Kamala Harris is the first woman to ever be elected Vice President of the United States.
As such, she's also the female Vice President-Elect to cover an issue of Vogue.
But while this would seem like a cause for celebration, the following snapshot has actually turned instead into yet another contentious political issue.
Allow us to explain why:
For starters, the photograph above was taken by Tyler Mitchell, who famously became the first Black photographer to shoot an American Vogue cover when he captured Beyonce for the magazine's September 2018 issue.
As you can see, Harris is wearing a black jacket and Converse Chuck Taylor sneakers in the picture.
It's a relaxed look. It's a laid back look. And it's a look many folks out there does not befit someone of Harris' stature.
According to various insiders, Harris and her team believed editors were going to choose a different photo for the cover.
You see, the California Senator also posed in a powder blue shirt, with an American flag pin attached to the lapel.
It's a far more professional look. It doesn't feature Harris in sneakers.
And it also has a gold background, which you can see immediately below:
Harris allegedly believed this second photo would be on the cover, while the far more casual image would appear inside of the magazine.
An Entertainment Tonight source Vogue editors and the futurer Vice President's advisors were in touch constantly throughout the process -- and at no point did Vogue tell Harris’ team they were switching the cover.
"In this moment where the country is so divided, where we need serious leaders, the blue and gold shot represents that," the source says.
"That would never have been approved, and Harris’ team is extremely disappointed."
A spokesperson for Vogue, meanwhile, has spoken to CNN/
This individual did not comment on the discussions between the magazine and the Vice President-elect's team.
However, he/she said in an emailed statement that Vogue "loved the images Tyler Mitchell shot and felt the more informal image captured Vice President-elect Harris's authentic, approachable nature -- which we feel is one of the hallmarks of the Biden/Harris administration."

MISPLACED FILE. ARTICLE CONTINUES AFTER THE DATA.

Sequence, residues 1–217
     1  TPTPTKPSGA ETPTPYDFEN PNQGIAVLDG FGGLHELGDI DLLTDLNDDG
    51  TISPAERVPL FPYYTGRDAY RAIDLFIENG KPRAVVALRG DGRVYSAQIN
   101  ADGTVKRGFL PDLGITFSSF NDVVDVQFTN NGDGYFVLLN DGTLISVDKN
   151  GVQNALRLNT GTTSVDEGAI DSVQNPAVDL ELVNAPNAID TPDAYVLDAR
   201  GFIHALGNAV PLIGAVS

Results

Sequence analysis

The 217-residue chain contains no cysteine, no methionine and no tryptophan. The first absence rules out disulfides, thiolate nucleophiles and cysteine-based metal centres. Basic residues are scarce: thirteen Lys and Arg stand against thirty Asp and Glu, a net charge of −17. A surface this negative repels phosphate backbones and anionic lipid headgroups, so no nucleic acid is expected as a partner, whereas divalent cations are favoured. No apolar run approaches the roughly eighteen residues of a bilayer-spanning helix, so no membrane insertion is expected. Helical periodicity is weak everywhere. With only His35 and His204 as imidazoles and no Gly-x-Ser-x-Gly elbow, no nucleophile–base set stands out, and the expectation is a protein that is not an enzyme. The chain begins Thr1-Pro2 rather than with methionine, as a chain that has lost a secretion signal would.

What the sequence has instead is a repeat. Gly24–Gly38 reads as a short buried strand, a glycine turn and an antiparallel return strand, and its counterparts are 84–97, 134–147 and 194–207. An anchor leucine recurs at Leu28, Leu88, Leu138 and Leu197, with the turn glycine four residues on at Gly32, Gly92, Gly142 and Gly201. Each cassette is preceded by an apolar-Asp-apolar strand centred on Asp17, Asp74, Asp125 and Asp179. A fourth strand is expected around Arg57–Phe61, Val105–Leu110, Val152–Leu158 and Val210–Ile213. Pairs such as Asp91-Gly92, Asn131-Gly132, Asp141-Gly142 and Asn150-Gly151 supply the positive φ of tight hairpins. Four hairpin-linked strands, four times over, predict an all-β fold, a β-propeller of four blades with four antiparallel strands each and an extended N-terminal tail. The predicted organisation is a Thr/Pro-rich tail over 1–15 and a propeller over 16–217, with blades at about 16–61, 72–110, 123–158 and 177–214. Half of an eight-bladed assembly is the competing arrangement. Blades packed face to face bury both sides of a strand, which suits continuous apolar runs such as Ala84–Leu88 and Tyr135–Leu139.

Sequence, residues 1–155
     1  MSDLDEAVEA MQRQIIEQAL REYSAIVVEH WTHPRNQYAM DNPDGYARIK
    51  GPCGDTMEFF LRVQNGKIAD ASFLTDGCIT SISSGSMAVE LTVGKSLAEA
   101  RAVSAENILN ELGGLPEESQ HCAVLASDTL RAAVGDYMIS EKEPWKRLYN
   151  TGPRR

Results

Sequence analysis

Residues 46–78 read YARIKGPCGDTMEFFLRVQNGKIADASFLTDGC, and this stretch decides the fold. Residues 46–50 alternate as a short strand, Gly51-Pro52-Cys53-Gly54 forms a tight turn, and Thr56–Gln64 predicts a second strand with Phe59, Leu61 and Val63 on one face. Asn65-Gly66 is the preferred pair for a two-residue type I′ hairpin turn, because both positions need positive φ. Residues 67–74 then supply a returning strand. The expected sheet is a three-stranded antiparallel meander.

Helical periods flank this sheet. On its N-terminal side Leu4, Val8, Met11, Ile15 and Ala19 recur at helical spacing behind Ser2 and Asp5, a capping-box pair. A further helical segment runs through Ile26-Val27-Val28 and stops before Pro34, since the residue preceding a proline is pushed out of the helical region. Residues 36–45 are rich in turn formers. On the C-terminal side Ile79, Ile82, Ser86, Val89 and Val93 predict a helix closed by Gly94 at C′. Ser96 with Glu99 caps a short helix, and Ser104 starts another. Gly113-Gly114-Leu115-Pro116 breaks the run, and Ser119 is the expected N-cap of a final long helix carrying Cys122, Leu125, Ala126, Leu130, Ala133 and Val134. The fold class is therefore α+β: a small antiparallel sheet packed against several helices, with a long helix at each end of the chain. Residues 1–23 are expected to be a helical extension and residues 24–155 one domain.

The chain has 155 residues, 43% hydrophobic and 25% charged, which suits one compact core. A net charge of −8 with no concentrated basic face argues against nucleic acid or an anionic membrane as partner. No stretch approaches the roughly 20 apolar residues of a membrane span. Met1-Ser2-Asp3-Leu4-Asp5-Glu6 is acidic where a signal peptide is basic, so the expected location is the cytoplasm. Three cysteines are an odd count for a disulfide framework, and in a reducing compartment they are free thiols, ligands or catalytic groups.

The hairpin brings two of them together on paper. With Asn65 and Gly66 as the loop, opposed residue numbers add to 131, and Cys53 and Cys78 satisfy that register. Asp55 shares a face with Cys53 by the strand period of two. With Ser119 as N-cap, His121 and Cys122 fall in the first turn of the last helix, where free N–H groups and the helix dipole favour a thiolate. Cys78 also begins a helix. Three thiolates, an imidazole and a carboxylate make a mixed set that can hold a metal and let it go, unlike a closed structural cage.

The statement concluded:
"To respond to the seriousness of this moment in history, and the role she has to play leading our country forward, we're celebrating both images of her as covers digitally."
Explaining the influences behind the cover shoot, Vogue also said that the apple green and salmon pink background on the cover was inspired by the colors of Howard University's Alpha Kappa Alpha, the "first historically African American sorority."
An accompanying article said that Mitchell had wanted to "honor Harris's college days and the powerful women who comprise the ranks of sororities like Alpha Kappa Alpha."
The article emphasized that the Vice President-elect's styling choices "were her own," and that the image "reflects Harris at her casual best."
Still, however, critics say the pictures made Harris' skin appear "washed out" and were out-of-keeping with Vogue's glamorous aesthetic.
Playwright and lawyer Wajahat Ali described it as a "mess up," adding that Vogue editor-in-chief Anna Wintour "must really not have Black friends and colleagues."
This may or may not be true.
But at least Harris can always sit back and admire another recent magazine cover shoot, one in which she was named Time Person of the Year, along with Joe Biden:
Is this Vogue scandal really that big of a scandal?
At least not compared with a violent insurrection incited by the President of the United States.